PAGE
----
05 September 2014
Helicopter rides through the scenic Rocky Mountains, mixology and cooking lessons as well as a 3 day stay in the notable Banff Springs Hotel was only part of the gift that the Toronto Blue Jays presented Derek Jeter at his final game in Toronto. They also donated $10,000 to his charity, Turn 2 Foundation that helps youth avoid drug and alcohol addiction. The New York Yankee player also landed a solo cover with The New Yorker, cowboy boots, a paddleboard, a Jeter-inspired Lego statute, original Detroit Tigers stadium seats, paintings and tens of thousands of dollars towards his charity foundation from various other teams. New York has recently announced that they will be wearing badges in honour of Jeter on their ball caps and jerseys from September 7th to the end of the season. These are just some of the many personalized and unique gifts and honourable mentions that the pro baseball star has received on his farewell tour; the end of this season marking the end of Jeter’s baseball reign.
The 40 year old New York Yankees Captain has had a strong 20 year career, albeit the fact that this season for New York has been one of their worst in years, with critics comparing it to their 1993 dismal multiple season playoff shut out. There have even been calls made to take Jeter off batting second due to his dwindling play throughout August. However, Jeter is still a force to be reckoned with, his on and off the field legacy will inspire future generations of baseball players for years to come. Players from opposing teams recognize him as one of the best players of his generation and the name Jeter condones respect and acknowledgement through the baseball world as his reported sportsmanship and sheer talent speaks to his legacy.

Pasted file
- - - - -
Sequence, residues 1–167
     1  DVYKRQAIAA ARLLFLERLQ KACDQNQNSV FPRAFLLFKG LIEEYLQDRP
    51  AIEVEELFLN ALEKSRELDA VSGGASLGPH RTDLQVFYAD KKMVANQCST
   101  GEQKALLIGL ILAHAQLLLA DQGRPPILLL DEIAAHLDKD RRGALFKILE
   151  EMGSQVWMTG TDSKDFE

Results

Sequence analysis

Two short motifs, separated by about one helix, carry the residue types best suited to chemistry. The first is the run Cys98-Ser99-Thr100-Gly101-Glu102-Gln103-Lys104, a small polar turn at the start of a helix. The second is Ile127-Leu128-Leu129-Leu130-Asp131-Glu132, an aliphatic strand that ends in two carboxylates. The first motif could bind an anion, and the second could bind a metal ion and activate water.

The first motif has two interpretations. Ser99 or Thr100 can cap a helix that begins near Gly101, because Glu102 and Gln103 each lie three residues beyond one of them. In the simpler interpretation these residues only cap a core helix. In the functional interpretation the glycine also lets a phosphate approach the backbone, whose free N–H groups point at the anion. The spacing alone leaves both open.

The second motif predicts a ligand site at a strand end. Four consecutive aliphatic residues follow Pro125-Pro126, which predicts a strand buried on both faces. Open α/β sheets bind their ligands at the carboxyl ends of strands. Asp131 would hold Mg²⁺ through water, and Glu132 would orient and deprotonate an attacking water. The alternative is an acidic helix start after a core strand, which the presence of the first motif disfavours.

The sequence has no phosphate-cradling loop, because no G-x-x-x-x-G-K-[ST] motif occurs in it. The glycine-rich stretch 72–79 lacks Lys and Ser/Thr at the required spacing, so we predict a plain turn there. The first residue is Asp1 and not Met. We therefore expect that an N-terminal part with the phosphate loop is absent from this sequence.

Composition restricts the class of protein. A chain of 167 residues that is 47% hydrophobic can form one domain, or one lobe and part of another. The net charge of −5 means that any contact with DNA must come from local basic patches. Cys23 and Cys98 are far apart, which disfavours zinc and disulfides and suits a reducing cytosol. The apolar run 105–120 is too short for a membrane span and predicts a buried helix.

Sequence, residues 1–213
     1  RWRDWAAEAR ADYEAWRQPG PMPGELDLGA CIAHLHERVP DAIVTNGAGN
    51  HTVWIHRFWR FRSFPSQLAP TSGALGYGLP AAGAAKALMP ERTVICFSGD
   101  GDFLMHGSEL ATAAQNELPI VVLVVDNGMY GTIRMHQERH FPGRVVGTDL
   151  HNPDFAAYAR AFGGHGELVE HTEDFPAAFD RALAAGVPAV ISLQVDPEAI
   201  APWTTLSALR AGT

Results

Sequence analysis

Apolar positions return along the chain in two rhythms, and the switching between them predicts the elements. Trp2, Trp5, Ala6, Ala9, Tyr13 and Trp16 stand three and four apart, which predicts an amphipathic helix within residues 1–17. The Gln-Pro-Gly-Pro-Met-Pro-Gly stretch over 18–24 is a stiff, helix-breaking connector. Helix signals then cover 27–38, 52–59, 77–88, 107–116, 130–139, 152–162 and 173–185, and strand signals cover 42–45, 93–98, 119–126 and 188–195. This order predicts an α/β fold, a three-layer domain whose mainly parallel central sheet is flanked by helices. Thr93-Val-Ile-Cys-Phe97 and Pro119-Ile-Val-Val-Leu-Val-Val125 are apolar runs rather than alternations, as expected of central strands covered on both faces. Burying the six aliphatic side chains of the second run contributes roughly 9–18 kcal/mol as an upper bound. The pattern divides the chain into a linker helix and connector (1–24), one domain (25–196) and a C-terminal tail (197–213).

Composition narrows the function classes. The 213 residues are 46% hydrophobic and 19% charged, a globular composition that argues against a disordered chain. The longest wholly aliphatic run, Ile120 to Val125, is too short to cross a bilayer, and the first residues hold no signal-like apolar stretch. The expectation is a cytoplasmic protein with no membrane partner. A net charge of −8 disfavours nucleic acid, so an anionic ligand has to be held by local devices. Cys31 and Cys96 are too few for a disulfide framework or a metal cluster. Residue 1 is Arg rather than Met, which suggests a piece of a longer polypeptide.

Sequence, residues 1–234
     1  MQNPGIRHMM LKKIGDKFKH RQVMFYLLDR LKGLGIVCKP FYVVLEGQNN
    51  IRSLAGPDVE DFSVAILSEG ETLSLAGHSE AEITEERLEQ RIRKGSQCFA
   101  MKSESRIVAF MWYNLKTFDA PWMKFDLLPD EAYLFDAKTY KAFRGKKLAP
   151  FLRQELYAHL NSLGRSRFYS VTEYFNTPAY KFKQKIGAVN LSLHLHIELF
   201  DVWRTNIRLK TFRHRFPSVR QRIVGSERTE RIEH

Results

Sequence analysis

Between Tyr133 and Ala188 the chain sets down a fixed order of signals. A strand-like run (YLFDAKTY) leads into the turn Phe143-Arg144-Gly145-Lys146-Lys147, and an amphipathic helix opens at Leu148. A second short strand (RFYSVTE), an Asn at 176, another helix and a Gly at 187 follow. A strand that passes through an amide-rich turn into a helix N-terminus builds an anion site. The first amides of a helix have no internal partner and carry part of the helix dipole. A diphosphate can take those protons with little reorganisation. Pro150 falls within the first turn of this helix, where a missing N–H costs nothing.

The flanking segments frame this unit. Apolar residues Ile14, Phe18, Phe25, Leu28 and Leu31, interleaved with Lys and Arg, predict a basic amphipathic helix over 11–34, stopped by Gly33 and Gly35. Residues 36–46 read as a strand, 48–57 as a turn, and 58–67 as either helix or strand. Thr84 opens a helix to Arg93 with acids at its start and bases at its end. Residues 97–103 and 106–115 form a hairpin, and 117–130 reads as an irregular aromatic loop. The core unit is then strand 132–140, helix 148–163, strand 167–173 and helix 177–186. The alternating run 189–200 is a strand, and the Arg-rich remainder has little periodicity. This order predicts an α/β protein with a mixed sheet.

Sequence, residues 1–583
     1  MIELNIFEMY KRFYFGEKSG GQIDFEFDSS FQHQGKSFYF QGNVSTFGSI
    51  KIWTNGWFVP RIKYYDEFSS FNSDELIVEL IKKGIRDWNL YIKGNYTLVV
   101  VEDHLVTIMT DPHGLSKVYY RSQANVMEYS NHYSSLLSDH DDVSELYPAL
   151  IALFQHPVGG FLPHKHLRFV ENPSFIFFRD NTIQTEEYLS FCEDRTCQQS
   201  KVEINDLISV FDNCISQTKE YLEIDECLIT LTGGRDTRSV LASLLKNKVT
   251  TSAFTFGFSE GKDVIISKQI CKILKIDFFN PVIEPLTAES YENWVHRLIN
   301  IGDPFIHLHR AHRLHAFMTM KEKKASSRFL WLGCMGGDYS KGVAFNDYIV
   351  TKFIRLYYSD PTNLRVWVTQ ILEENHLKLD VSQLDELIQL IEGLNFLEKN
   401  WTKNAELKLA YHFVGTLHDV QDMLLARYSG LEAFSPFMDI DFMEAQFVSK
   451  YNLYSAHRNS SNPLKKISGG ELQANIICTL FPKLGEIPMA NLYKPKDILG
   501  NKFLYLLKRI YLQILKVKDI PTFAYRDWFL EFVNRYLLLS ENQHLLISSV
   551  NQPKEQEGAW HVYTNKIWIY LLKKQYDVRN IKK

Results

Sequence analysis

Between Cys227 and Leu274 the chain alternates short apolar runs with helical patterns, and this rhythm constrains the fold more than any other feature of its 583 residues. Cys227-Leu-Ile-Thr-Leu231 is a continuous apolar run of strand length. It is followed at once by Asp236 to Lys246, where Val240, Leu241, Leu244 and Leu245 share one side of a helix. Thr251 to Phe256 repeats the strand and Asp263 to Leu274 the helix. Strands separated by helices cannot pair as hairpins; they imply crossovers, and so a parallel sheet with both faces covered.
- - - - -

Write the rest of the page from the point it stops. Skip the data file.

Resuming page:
The NYY Captain, also known as The Captain and Mr. November, plays shortstop and was first drafted in 1992. Although he didn’t make his debut with the Yankees until 1995, he has stayed with them ever since, racking up a cumulative payroll of an estimated $265 million. With a batting average of .310 throughout his career, .261 this season, 259 homeruns, 3445 hits and 2723 games played, Jeter has earned his reputation through a self proclaimed fierce sense of competition and hard work. He is far from the best. He is far from the most likable or the most memorable. But he has something that has helped pack Yankee Stadium year after year with loyal fans, something that has potentially garnered him a spot in Cooperstown where the National Baseball Hall of Fame resides. He has something that has kept him on a team for 20 years where he has garnered 5 World Series rings and has been acknowledged as All Star and World Series MVP. That something that has made him one of the most marketable athletes of his generation and when the sun sets during his last game with the NYY this fall, you can guarantee that Derek Jeter is a name that will not soon be forgotten.